Before the storm
Thanks to science and technology, we now have far more detailed hurricane predictions from experts ahead of any impending storm. While the path of the hurricane often shifts, we typically have several days warning to prepare.
As soon as you have reason to believe your employees, locations, or assets may be impacted by an approaching hurricane, it is a good practice to begin communicating about the storm. By communicating early, you’re demonstrating to employees that you are aware and monitoring storm forecasts and have plans in place to keep them safe and informed. In addition, using a threat monitoring and intelligence solution that provides real-time updates about severe weather events can help you keep employees informed with verified information about hurricanes as they develop.
As the hurricane nears and conditions change, you should continue to provide regular updates concerning the expected severity of the storm, its expected path, the anticipated impact, how employees should respond, and where they can find additional information.
“[NAME OF CITY] is in the projected path of Hurricane [NAME]. As the storm progresses we will provide updates about office closures, evacuations, and more. If you are currently working remotely from a location other than your listed home address, please reply to this email with your current location.
As we get closer to the storm, taking home your computers/chargers and any other items necessary to complete your job is a good idea in case of unplanned office closures.
Please contact your supervisor about any questions or concerns you have. You can also reply to this email or call [CONTACT NAME AND PHONE] with any questions and concerns.”
“We’re in the projected path of Hurricane [NAME]. Stay tuned for updates on office closures, evacuations, and more.”
During the storm
During a typical hurricane season, a major hurricane will force most employees to either stay in a shelter or shelter with friends outside of the danger zone. Due to the COVID-19 pandemic, however, mass shelters might no longer be a safe option. Your employees may be even more dispersed than in a typical season (when most evacuees often flock to a safe major city nearby). In any event, they might not be too concerned with work. Instead, they will be watching the news outlets and waiting out the storm—trying to determine when it is safe to return. This is the perfect time to send concise, thoughtful messages that affirm the company is concerned with their safety. Make it clear that you are not concerned with employees coming back to the office until it is safe, and you understand if it takes some time.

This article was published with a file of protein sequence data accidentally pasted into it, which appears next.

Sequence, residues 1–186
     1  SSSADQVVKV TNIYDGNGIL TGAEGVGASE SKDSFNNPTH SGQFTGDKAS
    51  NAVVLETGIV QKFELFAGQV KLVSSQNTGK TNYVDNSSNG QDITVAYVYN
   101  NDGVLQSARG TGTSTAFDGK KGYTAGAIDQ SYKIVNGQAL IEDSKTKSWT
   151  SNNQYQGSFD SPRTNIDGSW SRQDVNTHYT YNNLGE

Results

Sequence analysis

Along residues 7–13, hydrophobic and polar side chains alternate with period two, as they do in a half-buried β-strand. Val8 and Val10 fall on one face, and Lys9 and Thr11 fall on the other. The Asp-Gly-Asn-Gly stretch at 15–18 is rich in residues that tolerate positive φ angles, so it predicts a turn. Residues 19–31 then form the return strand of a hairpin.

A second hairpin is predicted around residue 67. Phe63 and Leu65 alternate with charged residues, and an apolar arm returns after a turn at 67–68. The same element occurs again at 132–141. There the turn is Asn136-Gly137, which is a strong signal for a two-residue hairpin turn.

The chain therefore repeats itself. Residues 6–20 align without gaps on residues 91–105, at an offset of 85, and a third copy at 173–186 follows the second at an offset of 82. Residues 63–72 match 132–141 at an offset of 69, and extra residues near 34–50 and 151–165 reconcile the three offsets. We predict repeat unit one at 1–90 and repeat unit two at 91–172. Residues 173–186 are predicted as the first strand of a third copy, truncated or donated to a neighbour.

“Due to severe weather caused by Hurricane [NAME], the [LOCATION] office will be closed on [DAY OF WEEK AND DATE]. For the latest updates, visit [LINK TO EVENT PAGE]”
“We’re offering assistance to [COMPANY NAME] employees to prepare for Hurricane [NAME]. Check your company email for more information.”
After the storm
Once the storm has passed, it’s time to check in with employees and begin the business recovery plan. Hurricane email templates and surveys are an effective way to continue communications post-hurricane. Surveys are a fast way to gain insight into the status of employees and facilities, next steps from management, and who can return to work.
“The severe weather from Hurricane [NAME] has moved out of our area and our office will be reopening, [DAY OF WEEK AND DATE] for regular hours.
If you are not currently approved to work remotely, please contact your supervisor if you can’t make it into the office to make arrangements. If you have other questions or concerns, reach out to [CONTACT NAME AND EMAIL].”
“Do you require any assistance?” “Are you able to return to work in 2 days?” “Did your home/office sustain any damage?” “Was any of your critical technology damaged?”
Measure Your Effectiveness
Post-event, you should assess every plan, notably your emergency plan, for its effectiveness. Review the performance of your notifications and messages to see what channels and messages employees responded to most effectively. Determine how long each message took to send and if there were any bounce backs. If so, ensure the employee contact information is accurate. A modern mass notification system will produce reports that provide insights into these details.
Take advantage of surveys and go straight to the source. Following a major storm, consider asking employees that received messages:
- Were the notifications effective?
- Was the information provided sent at an appropriate time?
- Which communication channels were most useful?
This feedback will help you craft better messages and send them more efficiently next time. It will also engage employees and make them part of the improvement process.
Hurricanes are fast and furious. Make sure your communications during a hurricane can keep up by using templates for as many anticipated scenarios as possible. An effective emergency communication system will be flexible enough to enable the use of templates and on-the-fly messaging. Both options, however, should be able to send messages quickly to predetermined employee lists that are grouped by location and/or job function. By keeping messages relevant to the intended audience, sent promptly across as many channels as possible, companies can ensure they are doing everything they can to protect employees during this busy hurricane season.